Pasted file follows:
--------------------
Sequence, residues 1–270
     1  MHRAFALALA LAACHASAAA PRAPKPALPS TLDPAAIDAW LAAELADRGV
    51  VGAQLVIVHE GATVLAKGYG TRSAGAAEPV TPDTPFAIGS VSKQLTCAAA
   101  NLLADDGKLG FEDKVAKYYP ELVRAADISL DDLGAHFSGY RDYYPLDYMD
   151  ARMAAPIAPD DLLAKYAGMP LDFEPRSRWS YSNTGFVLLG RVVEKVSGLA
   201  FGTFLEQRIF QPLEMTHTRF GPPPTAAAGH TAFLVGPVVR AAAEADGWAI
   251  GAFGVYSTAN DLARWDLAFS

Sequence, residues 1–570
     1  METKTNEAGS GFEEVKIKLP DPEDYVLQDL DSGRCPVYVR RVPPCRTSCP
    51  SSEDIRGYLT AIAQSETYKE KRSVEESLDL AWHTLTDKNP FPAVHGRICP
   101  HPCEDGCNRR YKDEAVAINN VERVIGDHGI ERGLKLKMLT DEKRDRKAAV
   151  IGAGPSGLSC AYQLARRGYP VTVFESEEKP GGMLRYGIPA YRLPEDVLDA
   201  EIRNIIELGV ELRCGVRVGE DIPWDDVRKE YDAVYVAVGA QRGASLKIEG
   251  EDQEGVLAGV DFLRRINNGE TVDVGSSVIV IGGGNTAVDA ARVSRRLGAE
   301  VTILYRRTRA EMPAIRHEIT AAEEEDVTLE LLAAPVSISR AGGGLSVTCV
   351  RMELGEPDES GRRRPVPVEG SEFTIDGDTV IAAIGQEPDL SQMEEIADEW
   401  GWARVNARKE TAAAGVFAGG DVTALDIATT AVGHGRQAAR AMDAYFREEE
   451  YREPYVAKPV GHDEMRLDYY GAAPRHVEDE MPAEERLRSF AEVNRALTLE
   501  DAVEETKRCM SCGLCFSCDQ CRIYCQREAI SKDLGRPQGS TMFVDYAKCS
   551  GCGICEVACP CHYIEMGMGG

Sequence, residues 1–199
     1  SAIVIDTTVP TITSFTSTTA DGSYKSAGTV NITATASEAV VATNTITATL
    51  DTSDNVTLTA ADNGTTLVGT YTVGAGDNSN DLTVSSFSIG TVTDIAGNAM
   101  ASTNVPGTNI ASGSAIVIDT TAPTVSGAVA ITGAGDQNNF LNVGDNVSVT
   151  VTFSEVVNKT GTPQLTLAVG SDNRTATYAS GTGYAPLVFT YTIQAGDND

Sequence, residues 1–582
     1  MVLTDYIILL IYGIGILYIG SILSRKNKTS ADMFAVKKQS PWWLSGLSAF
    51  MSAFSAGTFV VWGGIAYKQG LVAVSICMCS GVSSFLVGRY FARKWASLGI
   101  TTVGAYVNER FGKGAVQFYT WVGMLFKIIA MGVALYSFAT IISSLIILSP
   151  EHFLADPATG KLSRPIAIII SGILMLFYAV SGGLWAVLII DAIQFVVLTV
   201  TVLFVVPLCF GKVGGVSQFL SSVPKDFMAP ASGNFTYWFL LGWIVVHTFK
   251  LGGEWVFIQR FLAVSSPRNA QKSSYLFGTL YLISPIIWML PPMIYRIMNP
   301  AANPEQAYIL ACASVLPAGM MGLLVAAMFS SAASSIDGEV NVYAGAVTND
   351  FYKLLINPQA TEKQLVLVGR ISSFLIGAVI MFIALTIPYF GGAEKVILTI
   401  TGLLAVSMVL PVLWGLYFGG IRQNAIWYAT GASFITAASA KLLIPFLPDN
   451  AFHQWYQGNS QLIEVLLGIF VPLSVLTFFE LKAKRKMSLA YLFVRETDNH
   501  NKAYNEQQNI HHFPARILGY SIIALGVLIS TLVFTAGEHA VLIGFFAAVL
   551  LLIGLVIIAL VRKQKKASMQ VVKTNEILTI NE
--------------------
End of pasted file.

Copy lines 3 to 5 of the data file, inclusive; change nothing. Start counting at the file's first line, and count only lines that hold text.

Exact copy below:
    51  VGAQLVIVHE GATVLAKGYG TRSAGAAEPV TPDTPFAIGS VSKQLTCAAA
   101  NLLADDGKLG FEDKVAKYYP ELVRAADISL DDLGAHFSGY RDYYPLDYMD
   151  ARMAAPIAPD DLLAKYAGMP LDFEPRSRWS YSNTGFVLLG RVVEKVSGLA